I used to have a friend who worked for a private company. Part of his compensation was in what the company called "shadow stock." He used to joke that they called it this because "only The Shadow knows how much it's worth." (ok, those of you born after the baby boom have no idea what this references). Anyway, he went on to call these shares "lunar real estate" because he really couldn't cash them in, and they were of questionable value.
All of us have mileage in certain programs that we are tempted to call lunar real estate. And I am here to tell you that with few exceptions, that's not the case. Unless you are talking about a few hundred miles in some strange overseas program denominated in cubits rather than miles, you can probably squeeze some value out of them. You just need to know how.
What I've found is that magazine redemption often fits the bill in these cases. The reason is that you can usually get pretty good value. I know someone who hates his huge Delta Skymiles balance because they require so many miles for his trips to Asia. However, Delta offers 51 issues (a year) of the Economist for 3200 miles and 190 issues (6 months) of the Wall Street Journal for 2800 miles. The Journal costs $120 per year if you subscribe and the Economist is $127 per year. 3200 miles for $127 of value is about 4 cents per mile. If you were 1) planning on subscribing anyway and 2) your company won't reimburse you - as many are now cutting back, this is a pretty good deal. Additionally, you can give these out as gifts to others for things like graduations, birthdays, etc.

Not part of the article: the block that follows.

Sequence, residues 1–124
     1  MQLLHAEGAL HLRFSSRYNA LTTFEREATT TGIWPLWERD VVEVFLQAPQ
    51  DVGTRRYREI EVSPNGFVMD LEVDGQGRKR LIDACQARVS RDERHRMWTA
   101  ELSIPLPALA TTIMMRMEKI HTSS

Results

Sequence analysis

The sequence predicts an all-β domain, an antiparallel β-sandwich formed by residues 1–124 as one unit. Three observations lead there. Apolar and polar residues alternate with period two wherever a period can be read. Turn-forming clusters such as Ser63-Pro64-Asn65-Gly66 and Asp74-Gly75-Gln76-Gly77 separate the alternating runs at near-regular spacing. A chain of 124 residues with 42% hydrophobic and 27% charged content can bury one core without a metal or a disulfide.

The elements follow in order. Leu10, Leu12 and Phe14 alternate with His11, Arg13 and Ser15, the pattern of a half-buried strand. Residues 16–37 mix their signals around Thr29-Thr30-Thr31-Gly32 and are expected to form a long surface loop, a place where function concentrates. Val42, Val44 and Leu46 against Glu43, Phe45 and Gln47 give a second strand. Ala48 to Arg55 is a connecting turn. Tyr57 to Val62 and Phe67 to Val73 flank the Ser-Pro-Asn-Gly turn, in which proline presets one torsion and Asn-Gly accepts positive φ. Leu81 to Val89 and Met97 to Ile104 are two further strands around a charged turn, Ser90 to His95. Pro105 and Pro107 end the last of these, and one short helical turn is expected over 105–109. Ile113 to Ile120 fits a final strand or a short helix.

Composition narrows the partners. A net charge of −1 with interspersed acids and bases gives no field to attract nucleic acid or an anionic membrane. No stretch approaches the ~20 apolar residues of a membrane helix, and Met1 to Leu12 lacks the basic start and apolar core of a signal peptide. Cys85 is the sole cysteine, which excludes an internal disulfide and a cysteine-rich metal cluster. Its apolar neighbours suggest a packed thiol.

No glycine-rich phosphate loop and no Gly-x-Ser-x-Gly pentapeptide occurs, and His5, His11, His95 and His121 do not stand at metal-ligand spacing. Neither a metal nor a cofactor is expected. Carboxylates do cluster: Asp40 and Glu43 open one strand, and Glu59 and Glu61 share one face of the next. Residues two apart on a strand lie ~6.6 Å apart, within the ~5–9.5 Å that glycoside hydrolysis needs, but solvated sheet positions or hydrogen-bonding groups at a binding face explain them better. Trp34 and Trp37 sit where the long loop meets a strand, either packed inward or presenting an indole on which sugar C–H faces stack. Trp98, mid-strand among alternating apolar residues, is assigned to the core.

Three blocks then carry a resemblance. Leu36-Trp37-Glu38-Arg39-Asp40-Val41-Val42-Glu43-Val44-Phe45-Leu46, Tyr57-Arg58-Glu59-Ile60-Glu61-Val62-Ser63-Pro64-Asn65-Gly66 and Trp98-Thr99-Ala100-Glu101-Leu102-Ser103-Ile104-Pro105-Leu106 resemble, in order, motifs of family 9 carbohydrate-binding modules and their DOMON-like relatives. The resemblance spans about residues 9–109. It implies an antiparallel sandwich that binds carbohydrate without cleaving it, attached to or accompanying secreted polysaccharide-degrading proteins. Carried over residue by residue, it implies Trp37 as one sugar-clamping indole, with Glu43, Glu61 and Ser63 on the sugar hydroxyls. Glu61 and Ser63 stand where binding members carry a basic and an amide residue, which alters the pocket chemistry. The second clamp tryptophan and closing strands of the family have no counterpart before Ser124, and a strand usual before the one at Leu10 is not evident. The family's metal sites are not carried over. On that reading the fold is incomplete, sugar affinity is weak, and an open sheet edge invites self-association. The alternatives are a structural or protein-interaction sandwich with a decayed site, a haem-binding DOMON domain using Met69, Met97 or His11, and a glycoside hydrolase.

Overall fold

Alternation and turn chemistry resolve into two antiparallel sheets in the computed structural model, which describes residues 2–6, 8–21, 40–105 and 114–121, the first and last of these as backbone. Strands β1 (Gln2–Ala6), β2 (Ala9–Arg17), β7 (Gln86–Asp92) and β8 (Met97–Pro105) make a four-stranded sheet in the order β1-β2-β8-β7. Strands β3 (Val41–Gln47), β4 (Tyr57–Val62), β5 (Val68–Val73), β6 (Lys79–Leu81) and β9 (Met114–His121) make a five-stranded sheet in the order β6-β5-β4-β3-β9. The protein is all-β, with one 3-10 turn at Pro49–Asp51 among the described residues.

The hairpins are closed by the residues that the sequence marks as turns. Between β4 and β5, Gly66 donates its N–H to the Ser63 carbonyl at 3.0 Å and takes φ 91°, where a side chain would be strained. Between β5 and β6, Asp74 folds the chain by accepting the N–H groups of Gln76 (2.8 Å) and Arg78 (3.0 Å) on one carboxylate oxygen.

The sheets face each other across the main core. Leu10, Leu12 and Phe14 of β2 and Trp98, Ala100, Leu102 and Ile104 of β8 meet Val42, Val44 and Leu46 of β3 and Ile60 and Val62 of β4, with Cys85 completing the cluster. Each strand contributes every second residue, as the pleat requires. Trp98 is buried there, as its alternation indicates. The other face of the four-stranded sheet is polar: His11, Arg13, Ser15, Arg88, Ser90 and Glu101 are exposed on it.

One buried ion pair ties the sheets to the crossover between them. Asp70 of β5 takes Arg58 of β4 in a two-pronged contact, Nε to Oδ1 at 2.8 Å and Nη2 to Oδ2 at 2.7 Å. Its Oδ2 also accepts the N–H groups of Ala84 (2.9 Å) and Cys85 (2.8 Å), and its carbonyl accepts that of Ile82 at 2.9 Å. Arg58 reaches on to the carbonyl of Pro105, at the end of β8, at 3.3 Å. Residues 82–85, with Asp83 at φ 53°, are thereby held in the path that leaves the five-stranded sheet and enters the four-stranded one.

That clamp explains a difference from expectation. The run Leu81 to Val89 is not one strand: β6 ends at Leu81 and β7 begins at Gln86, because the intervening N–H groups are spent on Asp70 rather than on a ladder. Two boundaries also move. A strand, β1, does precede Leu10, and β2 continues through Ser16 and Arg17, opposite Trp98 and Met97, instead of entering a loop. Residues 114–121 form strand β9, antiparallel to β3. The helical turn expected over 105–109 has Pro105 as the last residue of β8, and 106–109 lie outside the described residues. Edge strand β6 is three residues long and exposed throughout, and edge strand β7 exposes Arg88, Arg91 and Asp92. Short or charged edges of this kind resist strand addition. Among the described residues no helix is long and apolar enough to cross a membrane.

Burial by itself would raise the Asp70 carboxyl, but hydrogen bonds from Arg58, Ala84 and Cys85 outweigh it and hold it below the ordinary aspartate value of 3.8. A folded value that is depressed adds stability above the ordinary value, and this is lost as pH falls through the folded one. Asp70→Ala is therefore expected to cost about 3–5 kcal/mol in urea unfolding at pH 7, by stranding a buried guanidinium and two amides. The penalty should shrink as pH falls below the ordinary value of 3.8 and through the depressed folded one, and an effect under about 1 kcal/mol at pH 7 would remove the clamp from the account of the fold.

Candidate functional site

Delta also offers hotel night redemption for miles, and I will review that feature in a later post. Based on my preliminary review, it looks promising.
Lufthansa Is Modifying Their New Livery - Earlier in the month Lufthansa revealed their new brand design, which is their first major redesign in about 30 years. With this brand design, dark blue ...